Being able to drop down three gears while taking the hairpin turns at speed is a blessing.
After buying the property formerly known as Mosport International Raceway, Carlo Fidani, Al Boughton and Ron Fellows injected a truckload of money into Canadian Tire Motorsport Park (CTMP) in Bowmanville, Ontario. This location is the perfect backdrop for the well known, and well-run Ron Fellows Driving Experience. This seasonal driver education program is in partnership with General Motors Canada, and the fine folks at Chevrolet invited us out for a fantastic evening with Ron and his team to live the full experience.
Originally opened in 1961, CTMP currently has a Driver Development Training track, and the large setup known as the famous Grand Prix track. The GP track has historically been host to a large number of big name and international races, such as Formula One, Players 200, IndyCar, SCCA Trans-Am, NASCAR among numerous others. The track is one of the fastest in North America in terms of average track speed, and thus is a fantastic setting for Ron Fellows and his instructors to inject some racing skill into enthusiasts.
Patrons of the Driving Experience come through via either corporate events, or their local General Motors dealership as part of a new vehicle purchase. The current Ron Fellows Driving Experience (RFDE) fleet consists of several Cadillac CTS-V sedans, seventh generation Z06 Corvettes, as well as a variety of Camaros. As these are all serious performance machines, General Motors wants to ensure that buyers of their top-tier products have the opportunity to get proper training and experience what these cars are capable of when pushed to the limit.
Drivers are grouped with an instructor in groups of up to five cars, and trained in a lead-follow style. Unlike the typical driving instructor where the instructor is sitting in the passenger seat, the RFDE lead-follow technique believes that it is much less intimidating and a more efficient learning experience to be driving your own car, following the instructor in an identical car.
Each vehicle is equipped with a radio so that you can hear explanations and instructions provided by the instructor as they pilot the lead vehicle in front of you. This allows the students to see, hear and feel the car and track on their own terms, without feeling the pressure or fear of judgment if a slight misstep is made.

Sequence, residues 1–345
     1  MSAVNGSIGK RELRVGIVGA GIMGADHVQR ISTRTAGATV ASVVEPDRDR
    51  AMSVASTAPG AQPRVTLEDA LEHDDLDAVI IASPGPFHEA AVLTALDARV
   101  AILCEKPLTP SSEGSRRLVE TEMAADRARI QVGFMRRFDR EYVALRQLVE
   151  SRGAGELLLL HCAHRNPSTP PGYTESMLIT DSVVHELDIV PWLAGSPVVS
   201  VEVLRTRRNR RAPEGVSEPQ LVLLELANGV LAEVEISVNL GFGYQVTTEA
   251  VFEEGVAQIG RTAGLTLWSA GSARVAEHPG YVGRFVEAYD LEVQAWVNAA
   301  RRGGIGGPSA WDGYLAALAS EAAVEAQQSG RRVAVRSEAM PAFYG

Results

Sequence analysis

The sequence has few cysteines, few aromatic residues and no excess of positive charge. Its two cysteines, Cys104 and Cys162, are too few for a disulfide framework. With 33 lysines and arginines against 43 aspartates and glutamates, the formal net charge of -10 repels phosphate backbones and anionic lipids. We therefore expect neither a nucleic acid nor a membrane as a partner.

The subject matter of our training session was the 2020 Chevrolet Camaro, present in three different, track-ready flavours. My driving group was ideal, consisting only of myself and one other driver, with Sam Fellows, Ron’s son being our instructor for the evening. We were the luckiest group of all, as we were assigned the lowest horsepower vehicles first and successively went up in power with each heat as we became more and more comfortable with the track.
Up first was the 2020 Camaro Turbo 1LE package with a six-speed manual transmission. The 1LE package adds all of the track-ready goodies, like a spoiler, Brembo Brakes, suspension changes, as well as some unique appearance items to a regular Camaro to make it a serious competitor. With a peak of 275 horsepower at 5,600RPM, the 2.0L provided plenty of power to blast around the track while getting my bearings for the first five or so laps, listening intently and watching as the instructor explained when and why to brake, what to feel, and when to make the engine roar.
After a short break, my group was presented with our choice of manual, or 10-speed automatic Camaro SS cars, all equipped with the 1LE performance package. We opted to stick with the six-speed manuals, and took off after our instructor with the roar of the 6.2L V8 engine and its 455 horsepower at 6,000RPM singing a fantastic tune around the track. The extra 185 horsepower was apparent, with appropriate braking now much more important, and our average track speed increased significantly with more power and confidence.
Finally, another break and our last heat, now at the helm of the supercharged 6.2L powered Camaro ZL1 1LE, equipped for us with the 10-speed automatic. As a daily driver of a manual-transmission car, the automatic was an unexpectedly welcome surprise on the track. With peak horsepower and torque both wearing the number 650 (horsepower and lb-ft. respectively) the ZL1 is a monster to handle around the track.
Being able to drop down three gears while taking the hairpin turns at speeds the ZL1 can handle is a blessing. Feeling the massive tires sticking to the asphalt along with all of the downforce through the turns is exhilarating, and watching the heads-up display roll past 215km/h nearing the end of the straightaway is an incredible experience, followed by the intense force of the Brembo brakes hauling you back down to street speeds before the turn.
Following the instruction laps, you are left with the idea that you actually now know what you’re doing, and could become a race car driver. This is when drivers are invited to hop into the passenger seat with an instructor, and go for a hot lap to see what the cars can really do, and realize you were nowhere near the limit. Unfortunately for us, the weather was spitting rain and threatening worse conditions throughout the day, so to err on the side of caution hot laps were cancelled for the evening.
After all of the adrenaline, noise and exhaust, guests return inside to enjoy a few beverages and a lovely meal with Ron and the instructors, better than any food you would ever expect to eat at a race track. The bar, while reasonably well equipped for whatever wets your whistle, prides itself on serving the track’s locally brewed “61” beer, a celebration of its complex history and future, and a perfect way to debrief on the day’s events with your peers.